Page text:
Sulkowicz, who says on the first day of her sophomore year, she was raped by a classmate, intends to drag her mattress with her everywhere she goes on campus, building to building, class to class, until her alleged attacker is expelled or leaves voluntarily, whether that takes days, weeks, or the rest of her tenure at the institution.
"I was raped in my own dorm bed. Since then, it has basically become fraught for me, and I feel like I've carried the weight of what happened there with me everywhere since then," Sulkowicz says in a video interview for the Columbia Spectator. She explained her thesis, which she refers to as "Endurance Art," is meant to embody the act of carrying something normally found in the private space of the bedroom into the light of day.
Writing for Time, Sulkowicz details how her ordeal went far beyond sexual assault itself, describing the extreme difficulty and discomfort she faced when reporting the incident to authorities, including the university and the NYPD, to seek justice.
"During my hearing, which didn't take place until seven months after the incident, one panelist kept asking me how it was physically possible for anal rape to happen," Sulkowicz said.
"I was put in the horrible position of trying to educate her and explain how this terrible thing happened to me," she added.
Her alleged attacker was found not responsible and continues to attend classes.
"Every day, I am afraid to leave my room. Even seeing people who look remotely like my rapist scares me. Last semester I was working in the dark room in the photography department. Though my rapist wasn't in my class, he asked permission from his teacher to come and work in the dark room during my class time. I started crying and hyperventilating. As long as he's on campus with me, he can continue to harass me."
Sulkowicz is one of 23 students to join a federal complaint against Columbia and Barnard Universities alleging Title IX violations with regard to the mishandling of sexual assaults on campus, and they're not alone in the fight change the way reports of rape are handled by colleges and universities.
In an effort to bring more transparency to the federal government's role in the due process of sexual assaults on campus, the Department of Education released for the first time in May a list of the colleges under investigation for Title IX violations.
In the same month, Sen. Claire McCaskill, D-Mo., held roundtables to discuss legislation aimed at improving how college campuses report and combat sexual assault, citing the "complex labyrinth between different rules, different standards of proof, different, state statues."
"We can't even agree on the definition of consent," she said.
And apart from federal legislation, states are taking matters into their own hands.
California's new "affirmative consent" model legislation, also called "yes means yes," unanimously passed in the state senate and will be on the governor's desk later this month.
The bill, SB 967, specifically requires parties be conscious and not intoxicated, able to give the required consent. The bill, introduced by state Sens. Kevin de León (D-Los Angeles) and Hannah-Beth Jackson (D-Santa Barbara), further specifies that "lack of protest or resistance does not mean consent, nor does silence mean consent" and states that prior sexual relations or a relationship do not imply consent.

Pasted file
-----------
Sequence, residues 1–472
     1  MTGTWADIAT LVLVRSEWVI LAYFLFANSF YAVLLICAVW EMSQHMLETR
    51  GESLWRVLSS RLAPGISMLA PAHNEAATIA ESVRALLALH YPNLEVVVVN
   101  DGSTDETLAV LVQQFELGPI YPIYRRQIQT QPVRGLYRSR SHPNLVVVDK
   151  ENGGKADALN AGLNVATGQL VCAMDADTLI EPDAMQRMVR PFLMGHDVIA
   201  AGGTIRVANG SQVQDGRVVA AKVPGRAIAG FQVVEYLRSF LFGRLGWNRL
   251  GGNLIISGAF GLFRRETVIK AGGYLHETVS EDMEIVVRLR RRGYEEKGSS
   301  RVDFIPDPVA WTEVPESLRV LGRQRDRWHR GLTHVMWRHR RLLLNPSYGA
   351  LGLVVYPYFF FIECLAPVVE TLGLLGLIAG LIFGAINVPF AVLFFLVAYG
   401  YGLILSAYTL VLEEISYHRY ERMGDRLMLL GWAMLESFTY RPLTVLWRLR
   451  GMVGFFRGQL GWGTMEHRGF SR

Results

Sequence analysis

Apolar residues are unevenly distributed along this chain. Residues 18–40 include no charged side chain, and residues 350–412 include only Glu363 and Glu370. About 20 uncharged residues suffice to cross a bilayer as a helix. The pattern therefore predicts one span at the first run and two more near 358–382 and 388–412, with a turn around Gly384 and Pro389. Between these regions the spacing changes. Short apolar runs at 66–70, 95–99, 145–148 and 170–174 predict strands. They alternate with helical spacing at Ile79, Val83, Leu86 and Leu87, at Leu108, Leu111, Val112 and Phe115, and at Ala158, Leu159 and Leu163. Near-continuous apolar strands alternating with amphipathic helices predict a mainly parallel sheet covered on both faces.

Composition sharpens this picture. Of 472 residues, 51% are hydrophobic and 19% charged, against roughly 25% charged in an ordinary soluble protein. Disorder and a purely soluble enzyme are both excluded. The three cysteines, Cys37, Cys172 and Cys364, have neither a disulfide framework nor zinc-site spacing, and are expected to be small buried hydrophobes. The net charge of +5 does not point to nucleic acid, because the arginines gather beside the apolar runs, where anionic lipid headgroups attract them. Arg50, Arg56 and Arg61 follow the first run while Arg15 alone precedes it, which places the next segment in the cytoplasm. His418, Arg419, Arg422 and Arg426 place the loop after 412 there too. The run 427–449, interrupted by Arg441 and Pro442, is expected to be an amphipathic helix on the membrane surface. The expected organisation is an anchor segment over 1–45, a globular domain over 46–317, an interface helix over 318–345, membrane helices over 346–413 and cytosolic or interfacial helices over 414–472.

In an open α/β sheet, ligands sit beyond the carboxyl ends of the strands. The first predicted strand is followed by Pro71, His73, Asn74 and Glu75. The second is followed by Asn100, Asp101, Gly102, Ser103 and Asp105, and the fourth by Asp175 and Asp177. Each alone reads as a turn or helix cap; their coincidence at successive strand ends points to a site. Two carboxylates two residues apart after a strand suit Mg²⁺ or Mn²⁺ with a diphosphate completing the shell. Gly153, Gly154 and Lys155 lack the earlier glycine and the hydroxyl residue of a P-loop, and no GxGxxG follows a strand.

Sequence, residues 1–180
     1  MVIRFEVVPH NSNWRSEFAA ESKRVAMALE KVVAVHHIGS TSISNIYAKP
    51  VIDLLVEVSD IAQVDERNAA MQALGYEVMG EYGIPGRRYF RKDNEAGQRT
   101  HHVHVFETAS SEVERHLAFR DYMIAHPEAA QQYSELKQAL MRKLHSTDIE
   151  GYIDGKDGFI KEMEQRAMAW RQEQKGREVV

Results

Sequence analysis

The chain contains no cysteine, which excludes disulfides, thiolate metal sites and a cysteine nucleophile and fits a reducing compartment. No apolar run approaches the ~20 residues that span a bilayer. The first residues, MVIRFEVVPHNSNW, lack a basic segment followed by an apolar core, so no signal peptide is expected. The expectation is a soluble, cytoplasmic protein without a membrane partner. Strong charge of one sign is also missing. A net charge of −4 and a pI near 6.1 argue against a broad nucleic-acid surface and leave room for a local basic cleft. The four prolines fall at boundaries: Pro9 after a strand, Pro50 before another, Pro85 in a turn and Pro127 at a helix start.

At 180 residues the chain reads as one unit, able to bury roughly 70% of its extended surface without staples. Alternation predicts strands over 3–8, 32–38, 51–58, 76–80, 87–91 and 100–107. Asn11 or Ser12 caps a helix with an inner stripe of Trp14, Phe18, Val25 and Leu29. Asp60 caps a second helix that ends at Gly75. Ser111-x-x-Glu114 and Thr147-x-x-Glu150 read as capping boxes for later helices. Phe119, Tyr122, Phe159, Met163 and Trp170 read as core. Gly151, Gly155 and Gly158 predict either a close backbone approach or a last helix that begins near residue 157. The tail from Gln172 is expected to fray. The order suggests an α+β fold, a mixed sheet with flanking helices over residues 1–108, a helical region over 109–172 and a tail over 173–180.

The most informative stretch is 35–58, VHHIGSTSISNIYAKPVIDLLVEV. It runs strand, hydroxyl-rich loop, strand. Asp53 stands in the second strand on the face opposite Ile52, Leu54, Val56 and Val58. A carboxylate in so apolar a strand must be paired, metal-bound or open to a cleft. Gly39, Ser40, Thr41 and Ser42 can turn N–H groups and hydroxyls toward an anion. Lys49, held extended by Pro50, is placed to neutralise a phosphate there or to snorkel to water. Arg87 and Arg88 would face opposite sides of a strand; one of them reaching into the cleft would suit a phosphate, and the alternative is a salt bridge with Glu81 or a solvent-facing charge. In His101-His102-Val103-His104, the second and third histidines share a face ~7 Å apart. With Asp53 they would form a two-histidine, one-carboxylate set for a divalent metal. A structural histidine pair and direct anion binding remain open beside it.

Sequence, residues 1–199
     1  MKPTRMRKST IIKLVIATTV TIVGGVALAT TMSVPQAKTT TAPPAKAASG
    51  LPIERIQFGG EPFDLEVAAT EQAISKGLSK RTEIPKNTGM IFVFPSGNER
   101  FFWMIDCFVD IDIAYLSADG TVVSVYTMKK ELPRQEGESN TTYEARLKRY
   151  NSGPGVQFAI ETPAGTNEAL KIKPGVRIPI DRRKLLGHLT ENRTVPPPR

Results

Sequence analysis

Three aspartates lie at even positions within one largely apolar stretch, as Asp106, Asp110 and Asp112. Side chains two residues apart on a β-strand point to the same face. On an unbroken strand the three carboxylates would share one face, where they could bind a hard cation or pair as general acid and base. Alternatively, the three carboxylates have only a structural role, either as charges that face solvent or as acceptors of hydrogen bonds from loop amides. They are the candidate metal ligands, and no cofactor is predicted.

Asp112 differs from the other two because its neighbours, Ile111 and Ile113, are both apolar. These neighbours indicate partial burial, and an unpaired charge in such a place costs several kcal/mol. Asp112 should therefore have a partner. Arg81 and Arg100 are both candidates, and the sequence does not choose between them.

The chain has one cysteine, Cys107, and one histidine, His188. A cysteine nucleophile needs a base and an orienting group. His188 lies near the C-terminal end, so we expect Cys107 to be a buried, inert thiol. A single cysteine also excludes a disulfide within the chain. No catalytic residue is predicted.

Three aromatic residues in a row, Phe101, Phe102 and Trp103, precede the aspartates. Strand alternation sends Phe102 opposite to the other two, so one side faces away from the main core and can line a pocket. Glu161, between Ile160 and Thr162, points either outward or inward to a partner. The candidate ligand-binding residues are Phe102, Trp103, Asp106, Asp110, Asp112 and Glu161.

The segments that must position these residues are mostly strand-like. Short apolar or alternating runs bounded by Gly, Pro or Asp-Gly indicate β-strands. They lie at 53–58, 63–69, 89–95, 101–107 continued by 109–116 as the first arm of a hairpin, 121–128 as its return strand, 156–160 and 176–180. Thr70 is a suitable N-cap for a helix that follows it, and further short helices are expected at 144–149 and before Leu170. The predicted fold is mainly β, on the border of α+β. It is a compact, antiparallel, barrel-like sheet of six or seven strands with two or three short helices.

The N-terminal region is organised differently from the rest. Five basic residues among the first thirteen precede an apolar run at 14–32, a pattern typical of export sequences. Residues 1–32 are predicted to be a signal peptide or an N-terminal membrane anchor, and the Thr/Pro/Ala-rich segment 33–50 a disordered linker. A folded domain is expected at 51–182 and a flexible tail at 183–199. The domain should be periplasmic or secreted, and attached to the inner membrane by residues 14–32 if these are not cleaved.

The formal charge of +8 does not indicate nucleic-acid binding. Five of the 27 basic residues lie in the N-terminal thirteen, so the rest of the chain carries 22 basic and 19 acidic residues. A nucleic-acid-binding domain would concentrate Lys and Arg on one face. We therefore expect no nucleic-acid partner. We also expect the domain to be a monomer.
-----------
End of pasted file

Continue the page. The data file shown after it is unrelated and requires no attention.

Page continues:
The necessity and relevance of language which clearly defines consent is apparent in light of Cee Lo Green's recent scandal.
Whether Sulkowicz' performance art will lead justice remains to be seen, but her efforts to take matters into her own hands are not without precedent.
"I was recently friended on Facebook by Lena Sclove, who has been such an inspiration for me," Sulkowicz told New York Magazine's Daily Intelligencer, speaking of the Brown Student who publicly shamed her alleged attacker into withdrawing from the institution after being unsatisfied with the results of reporting sexual assault through conventional channels.
"To see the way that she was able to create a safe space for herself definitely made me realize that after I had made the police report I had that as an option to me as well," Sulkowicz said.
Sulkowicz added her goal was to make sure her alleged attacker's name had a record attached to it so future victims might have an easier time prosecuting. "I felt like I had a civil and public duty to report as well."
The rules of "Carry That Weight" are that Sulkowicz may not ask others for help carrying her load, but may accept help freely offered.
"I'm hoping that not only do I get better at carrying the mattress, but . . . I'm very interested in seeing where this piece goes and what sort of life it takes on," Sulkowicz said.
Sulkowicz will carry her mattress until her alleged rapist is expelled or leaves voluntarily, but the metaphorical weight of assault, not so easily to put down, is a burden no one should have to bear alone. The National Sexual Assault Hotline number 1-800-656-HOPE can connect callers to local crisis centers across the country for guidance.